Edinburgh’s Ingleby Gallery is celebrating 20 years since it first opened its doors to the public by moving from Florence and Richard Ingleby’s Calton Terrace town house to take up residence in the old Glasite Meeting House at 33 Barony Street.
In this newly refurbished premises, painted assorted shades of battleship grey, the Inglebys are marking the occasion with a solo presentation of Callum Innes’ large-scale ‘Exposed Paintings’ in the main gallery space.
Scattered throughout adjoining offices and in the tastefully sparse dining room upstairs, prints and small objects by many of the artists the gallery has worked with in the last 20 years are displayed above the heads of the gallery staff, who busily receive calls and measure up framed works for potential buyers.
Richard Ingleby explains that as well as being “an opportunity to see works by all our artists,” the opening of this group show titled ‘Twenty’ is “very much an open house so people can explore the building”.
The move comes nearly two years since the Inglebys closed their impressive two-storey gallery on Calton Street, which they’d occupied since 2008. At the time of its closure they reasoned that “ownership of such a large gallery space in central Edinburgh is not the most appropriate use of the gallery’s resources”.
The gallery’s new home was built in 1834 and, although never consecreted, was used as a place of worship by the Glasites, a small religious sect who had broken with the Church of Scotland. Modesty and simplicity were favoured by the Glasites in their design for the building, which appears unassuming and square from the street.
Set into the ceiling of the main hall, a stained glass octagonal cupola filters a bright patch of sunlight into the room, hitting the back wall precisely at midday. In their renovation of this grade A listed building – carried out by Helen Lucas Architects working alongside the Scottish Historic Buildings Trust – the Inglebys have kept as many features as possible, noting that “the great thing about this building is that it feels quintessentially of this place”.
Some original features had to make way for contemporary art; the narrow wooden pews have been removed leaving a bright and open space filled with the smell of freshly laid parquet floor. Named colloquially as the ‘Kale Kirk’ since kale was a main ingredient of the soup served during their all-day sermons, the Glasites held their last service here in 1989. Their souls, however, may be looking down with disapproval at the Bloody Marys served at the opening.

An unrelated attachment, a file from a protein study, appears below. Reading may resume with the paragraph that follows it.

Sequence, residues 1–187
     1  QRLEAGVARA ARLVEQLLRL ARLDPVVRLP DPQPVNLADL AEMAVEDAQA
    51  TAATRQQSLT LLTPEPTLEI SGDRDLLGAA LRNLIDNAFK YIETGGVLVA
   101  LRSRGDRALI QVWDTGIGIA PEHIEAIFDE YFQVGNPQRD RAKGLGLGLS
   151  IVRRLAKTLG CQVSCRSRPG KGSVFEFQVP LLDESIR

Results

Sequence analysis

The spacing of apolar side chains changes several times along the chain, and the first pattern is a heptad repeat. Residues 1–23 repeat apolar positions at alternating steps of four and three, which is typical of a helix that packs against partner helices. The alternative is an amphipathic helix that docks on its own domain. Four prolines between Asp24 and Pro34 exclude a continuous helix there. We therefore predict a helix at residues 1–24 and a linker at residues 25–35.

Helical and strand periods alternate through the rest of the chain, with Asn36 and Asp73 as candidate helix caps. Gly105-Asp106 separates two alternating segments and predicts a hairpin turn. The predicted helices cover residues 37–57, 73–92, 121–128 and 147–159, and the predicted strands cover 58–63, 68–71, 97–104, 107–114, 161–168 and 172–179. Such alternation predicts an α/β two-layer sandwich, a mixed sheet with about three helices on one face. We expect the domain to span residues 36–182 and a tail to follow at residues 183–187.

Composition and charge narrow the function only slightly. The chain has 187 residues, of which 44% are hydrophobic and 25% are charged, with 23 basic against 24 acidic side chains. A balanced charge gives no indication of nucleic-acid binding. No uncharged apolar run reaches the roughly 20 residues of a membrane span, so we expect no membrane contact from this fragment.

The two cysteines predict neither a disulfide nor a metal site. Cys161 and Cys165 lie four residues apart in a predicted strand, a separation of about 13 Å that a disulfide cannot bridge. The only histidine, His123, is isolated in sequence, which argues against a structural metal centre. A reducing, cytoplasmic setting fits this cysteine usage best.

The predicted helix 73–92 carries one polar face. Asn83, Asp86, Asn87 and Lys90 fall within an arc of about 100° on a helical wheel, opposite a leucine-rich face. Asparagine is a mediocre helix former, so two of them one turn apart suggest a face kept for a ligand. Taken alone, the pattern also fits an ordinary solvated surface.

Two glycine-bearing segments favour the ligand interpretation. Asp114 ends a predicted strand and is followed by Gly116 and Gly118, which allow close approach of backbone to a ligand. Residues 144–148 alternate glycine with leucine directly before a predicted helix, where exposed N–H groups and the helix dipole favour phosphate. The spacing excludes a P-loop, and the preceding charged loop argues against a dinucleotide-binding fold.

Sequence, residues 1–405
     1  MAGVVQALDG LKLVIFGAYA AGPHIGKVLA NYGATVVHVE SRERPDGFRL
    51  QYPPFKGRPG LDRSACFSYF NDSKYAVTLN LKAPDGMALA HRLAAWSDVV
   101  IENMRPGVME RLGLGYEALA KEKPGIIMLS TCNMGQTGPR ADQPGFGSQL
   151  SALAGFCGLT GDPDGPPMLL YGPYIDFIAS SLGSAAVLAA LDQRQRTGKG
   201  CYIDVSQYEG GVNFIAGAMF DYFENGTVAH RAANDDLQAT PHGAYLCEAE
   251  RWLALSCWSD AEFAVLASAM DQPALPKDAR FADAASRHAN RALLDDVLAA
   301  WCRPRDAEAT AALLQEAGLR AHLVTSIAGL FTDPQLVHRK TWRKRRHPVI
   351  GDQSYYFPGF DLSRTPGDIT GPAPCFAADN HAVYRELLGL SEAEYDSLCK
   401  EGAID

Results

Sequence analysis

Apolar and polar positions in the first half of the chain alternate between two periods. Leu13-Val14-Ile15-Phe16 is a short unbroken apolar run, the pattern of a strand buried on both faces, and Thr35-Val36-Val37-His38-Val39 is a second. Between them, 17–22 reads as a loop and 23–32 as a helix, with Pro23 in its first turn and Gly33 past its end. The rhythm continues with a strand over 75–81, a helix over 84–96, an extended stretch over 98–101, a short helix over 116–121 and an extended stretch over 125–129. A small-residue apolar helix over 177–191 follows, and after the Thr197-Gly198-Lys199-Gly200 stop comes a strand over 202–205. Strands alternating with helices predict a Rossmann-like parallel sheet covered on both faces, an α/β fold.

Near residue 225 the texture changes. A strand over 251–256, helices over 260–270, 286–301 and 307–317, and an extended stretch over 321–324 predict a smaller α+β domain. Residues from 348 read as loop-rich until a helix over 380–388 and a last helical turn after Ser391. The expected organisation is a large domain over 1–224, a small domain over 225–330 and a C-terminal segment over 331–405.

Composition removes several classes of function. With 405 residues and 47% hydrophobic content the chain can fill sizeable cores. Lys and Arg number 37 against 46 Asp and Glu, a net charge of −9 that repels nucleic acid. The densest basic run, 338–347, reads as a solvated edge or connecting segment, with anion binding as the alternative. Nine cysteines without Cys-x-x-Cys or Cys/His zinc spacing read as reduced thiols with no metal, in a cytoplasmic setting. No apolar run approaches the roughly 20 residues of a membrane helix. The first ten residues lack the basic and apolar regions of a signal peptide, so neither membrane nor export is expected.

Innes’ canvases ‘exploring the possibilities offered by the colour blue’ are a restrained and stately addition to the space with their rigorously applied, then equally rigorously washed out blue pigment.
Though Innes has worked with Ingleby for 20 years, the gallery also represents a small number of artists at an earlier stage of their careers, supporting them to make new work with production costs recouped in sales. Jonny Lyons at 29 is their youngest artist, while others such as Kevin Harman and Katie Paterson fall within a decade of him.
According to Florence Ingleby, opening their first galley space back in 1998 helped to address the lack of commercial galleries in Scotland. For her, running a private gallery provides freedom that may not be available in publicly-funded organisations: “We show who we like and there is a feeling of being extremely accountable to your artists. Collectors are the means by which we support artists, that’s the ecology within which we work.”
Richard adds: “Any gallery is only as good as the artists they work with. The reason why we do these things is to make good shows with great artists.”
‘Callum Innes: Byzantine Blue, Delft Blue, Paris Blue’ and ‘Twenty’ continue at Ingleby Gallery, Edinburgh until 14 July 2018. www.inglebygallery.com
1. Callum Innes, Oriental Blue, 2018, oil on linen, 235 x 230cm, Ingleby Gallery, Edinburgh. Photo: Tom Nolan; Courtesy: Callum Innes and Ingleby Gallery
2. Callum Innes, from left to right: Oriental Blue, 2018, oil on linen, 235 x 230cm; Paris Blue, 2018, oil on linen, 235 x 230cm, Ingleby Gallery, Edinburgh. Photo: Tom Nolan; Courtesy: Callum Innes and Ingleby Gallery
3. Callum Innes, from left to right, Delft Blue, 2018, oil on linen, 235 x 230cm; Oriental Blue, 2018, oil on linen, 235 x 230cm, Ingleby Gallery, Edinburgh. Photo: Tom Nolan; Courtesy: Callum Innes and Ingleby Gallery
4. Callum Innes, from left to right, Delft Blue, 2018, oil on linen, 235 x 230cm Oriental Blue, 2018, oil on linen, 235 x 230cm, Ingleby Gallery, Edinburgh. Photo: Tom Nolan; Courtesy: Callum Innes and Ingleby Gallery
5. Installation view of ‘Twenty’, Ingleby Gallery, Edinburgh. Courtesy: Ingleby Gallery
Jessica Ramm is a Glasgow-based artist and one of eight a-n members selected for the a-n Writer Development Programme 2017-18. For more information on the writer programme, and to read more of the latest cohort’s work, visit the 2017-18 programme’s blog on a-n.co.uk or use the a-n writer development programme 2017-18 tag